American politicians have become polarized in their views on policy issues over the past forty years. While the American public has become polarized in their attitudes toward the parties, this polarization does not necessarily reflect disagreement about issues or about what our government should do.
Political polarization is often blamed for our government’s failure to take action to address national problems. However, this term is often used in vague and misleading ways. It is well-established that polarization among elected officials, such as members of Congress, is far greater today than it was during the 1970s and 1980s. Yet there is less evidence that the American people are polarized or that issue disagreements among the public have increased during this same time period. To the extent that the American public is polarized, this polarization has more to do with which politicians we vote than with what we want from those politicians.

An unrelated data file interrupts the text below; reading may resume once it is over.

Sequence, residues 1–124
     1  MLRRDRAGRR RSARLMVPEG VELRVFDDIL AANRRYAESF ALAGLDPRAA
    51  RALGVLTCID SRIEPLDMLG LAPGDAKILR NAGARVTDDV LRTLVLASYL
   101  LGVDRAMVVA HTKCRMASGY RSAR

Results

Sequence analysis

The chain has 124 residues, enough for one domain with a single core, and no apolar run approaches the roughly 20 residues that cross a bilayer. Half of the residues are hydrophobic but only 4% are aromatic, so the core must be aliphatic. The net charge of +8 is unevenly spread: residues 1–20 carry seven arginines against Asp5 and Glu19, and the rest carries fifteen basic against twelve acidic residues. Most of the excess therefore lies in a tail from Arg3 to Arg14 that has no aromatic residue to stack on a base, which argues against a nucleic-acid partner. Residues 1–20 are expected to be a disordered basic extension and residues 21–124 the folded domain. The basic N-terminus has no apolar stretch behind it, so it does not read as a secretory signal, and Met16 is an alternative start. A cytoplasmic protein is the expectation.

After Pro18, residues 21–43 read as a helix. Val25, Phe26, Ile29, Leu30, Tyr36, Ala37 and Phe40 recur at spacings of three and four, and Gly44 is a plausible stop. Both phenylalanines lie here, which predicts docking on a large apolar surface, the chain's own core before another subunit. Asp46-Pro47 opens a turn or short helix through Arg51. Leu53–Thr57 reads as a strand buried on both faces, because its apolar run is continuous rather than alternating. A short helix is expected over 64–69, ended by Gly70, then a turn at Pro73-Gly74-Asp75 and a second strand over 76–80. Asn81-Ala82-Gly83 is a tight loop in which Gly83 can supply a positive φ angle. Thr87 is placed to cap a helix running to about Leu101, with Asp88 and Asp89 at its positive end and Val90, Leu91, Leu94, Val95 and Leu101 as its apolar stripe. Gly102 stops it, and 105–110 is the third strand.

Any time we hear a claim about why we are polarized, or what the results of polarization are, we should ask two questions: who is it that is said to be polarized, and what is it that we are polarized about? Any claim about polarization is a claim that two things have happened: that there is substantial disagreement between two groups, such as political parties, and substantial consensus within them. The term is often used to describe ideological disagreements – that is, conflict between liberals and conservatives – but the substance of these disagreements can vary over time and they do not need to have anything at all to do with ideology. Parties can be polarized even when the definition of what is conservative or liberal changes.